Poor Wash Down Practices Blocking Your Drainage System ?
How To Prevent Blocked Drains Caused By Poor Wash Down Procedures.
Many industrial processes have a need to wash down plant and equipment. This may be done “in line” or at a remote dedicated location such as a wash room. Typically the design of the area will have a grated floor drain and the residue then runs from this floor drain through an underground drainage system to a pit or treatment plant.
Water and similar liquids which are are relatively clean will happily flow through drainage pipes and there are millions of kilometers of drainage pipes installed throughout the world. However, as every plumber will tell you, it is not always free flowing liquids which finds its way into drainage systems and clearing blocked pipelines is a regular occurrence.
When considering industrial wash down applications there is the potential for many and varied liquids or slurries to find their way into drainage systems. Whilst in theory running a network of underground pipes to a central treatment system or pit can look attractive. It looks far less attractive to the maintenance manager who has to deal with the constant blockages.
In theory the grated drain cover acts as a course filter to prevent large pieces of sediment getting into the drainage system and the operators clean up the sediment which can then be disposed of via a solid waste system. Typically, for an “in line” process, there will be a Standard Operating Procedure to clean up any “operational” spillage during production, in order to prevent it from getting into the drainage system.
Nature of the problem
So much for the theory. In practice, the operators will wash anything and everything into the grated drain and if it won't fit through the gaps, and they can't force it through the gaps then they will lift the grate. Eventually this causes blockages in the drainage system and it becomes a major exercise to clear the pipes. This often becomes a safety issue if grates are removed and not replaced.
Some drainage systems are designed with regular access pits so as to provide ready access to the drainage system for cleaning.
And regardless of Standard Operating Procedures or “education”, the problem will continue to occur.
Options for solutions
Every plant and system is different so that there is not a “one size fits all” standard “fix”. Each needs to be looked at individually but there are some steps which can be taken (other than shooting the operators who you suspect are dumping solids into the system)
a – Grated covers with very small openings are readily available. These can be effective in some cases, but can also restrict water flow and block easily, causing localised flooding and they may restrict larger solids which the system can handle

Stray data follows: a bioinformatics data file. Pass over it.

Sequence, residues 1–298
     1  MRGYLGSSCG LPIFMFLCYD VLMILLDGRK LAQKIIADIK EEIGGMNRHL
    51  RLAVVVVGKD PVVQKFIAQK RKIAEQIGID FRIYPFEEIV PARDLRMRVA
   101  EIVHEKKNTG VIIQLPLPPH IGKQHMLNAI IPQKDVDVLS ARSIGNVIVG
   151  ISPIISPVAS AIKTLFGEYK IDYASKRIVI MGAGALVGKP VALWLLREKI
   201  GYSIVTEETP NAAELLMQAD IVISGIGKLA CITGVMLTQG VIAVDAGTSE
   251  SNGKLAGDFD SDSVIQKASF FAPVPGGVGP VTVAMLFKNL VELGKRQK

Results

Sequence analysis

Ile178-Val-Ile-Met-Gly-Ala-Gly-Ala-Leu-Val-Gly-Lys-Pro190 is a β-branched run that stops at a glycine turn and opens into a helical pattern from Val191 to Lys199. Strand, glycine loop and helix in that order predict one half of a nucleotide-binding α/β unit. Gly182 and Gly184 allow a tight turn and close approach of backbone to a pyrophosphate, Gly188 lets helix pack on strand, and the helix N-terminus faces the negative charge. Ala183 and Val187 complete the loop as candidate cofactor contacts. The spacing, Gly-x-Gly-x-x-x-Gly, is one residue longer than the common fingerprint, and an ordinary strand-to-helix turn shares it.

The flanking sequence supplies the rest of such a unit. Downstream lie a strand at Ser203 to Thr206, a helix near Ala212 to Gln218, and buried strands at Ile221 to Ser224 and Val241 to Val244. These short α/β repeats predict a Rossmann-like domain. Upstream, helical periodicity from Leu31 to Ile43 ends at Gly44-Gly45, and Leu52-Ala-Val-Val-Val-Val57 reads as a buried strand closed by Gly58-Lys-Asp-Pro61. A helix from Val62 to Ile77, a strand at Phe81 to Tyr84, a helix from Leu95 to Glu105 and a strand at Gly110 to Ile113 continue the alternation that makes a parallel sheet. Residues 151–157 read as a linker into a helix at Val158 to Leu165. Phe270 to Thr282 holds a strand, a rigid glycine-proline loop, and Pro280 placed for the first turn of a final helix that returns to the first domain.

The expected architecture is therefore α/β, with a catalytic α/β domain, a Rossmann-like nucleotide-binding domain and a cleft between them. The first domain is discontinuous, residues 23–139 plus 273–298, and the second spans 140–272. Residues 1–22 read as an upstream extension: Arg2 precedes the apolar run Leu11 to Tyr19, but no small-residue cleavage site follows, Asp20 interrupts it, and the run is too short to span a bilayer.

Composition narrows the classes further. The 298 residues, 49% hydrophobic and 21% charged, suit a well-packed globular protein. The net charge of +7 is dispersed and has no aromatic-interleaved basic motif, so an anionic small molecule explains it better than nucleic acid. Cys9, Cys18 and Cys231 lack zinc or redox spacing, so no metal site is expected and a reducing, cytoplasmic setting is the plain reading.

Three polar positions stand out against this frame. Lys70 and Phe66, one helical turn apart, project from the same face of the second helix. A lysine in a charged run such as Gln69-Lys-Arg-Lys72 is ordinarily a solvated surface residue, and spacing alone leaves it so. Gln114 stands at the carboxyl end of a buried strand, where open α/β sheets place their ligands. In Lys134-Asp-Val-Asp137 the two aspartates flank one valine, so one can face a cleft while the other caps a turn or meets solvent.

b – Redesign for a series of small, localised systems. In many cases there can be a labyrinth of underground drainage pipes leading to a central point. Redesign the system to have several small systems with very short lengths of underground piping feeding into pits. The pits can then be fitted with a level sensor and pumped out
Depending on the process, operation or desired outcome there are a number of options
Typically operators washing down using a pressure hose with floor drains will use excessive amounts of water. Its human nature.
To cut down on wastage and to measure the wash down water being used, the pit water can be pumped into 200 litre (44 gallon) drums sitting on a pallet or a 1000 litre tank or similar, adjacent to the pit. The operators are then responsible for disposing of the waste water and it can be easily measured. From previous experience I would expect a significant saving in wash down water.
By using (say) an air diaphragm pump to pump out the pit, large solids can be accommodated and the waste can be taken directly to a processing facility or sent off site.
Another effective solution is to use a macerating pump to pump out the pit, this has the advantage of grinding sediment to a small particle size and the resultant slurry could go to mobile storage or pumped to a central process /storage area.
I don't think that operators will ever resist the temptation to dump sediment into the floor drainage system so the best solution is to “manage” the process.
Unfortunately there is no easy solution. Each plant and wash down area needs to be reviewed separately.
In an ideal world the process would be different, but we don't live in an ideal world and we need to manage what we have.
If re occurring blocked underground drainage pipes are an issue. Maybe the solution is to redesign the systems into a number of discrete units which can be managed individually. This will also often result in direct process improvements, as noted above.
Monday 1 March, 2010 08:58 AM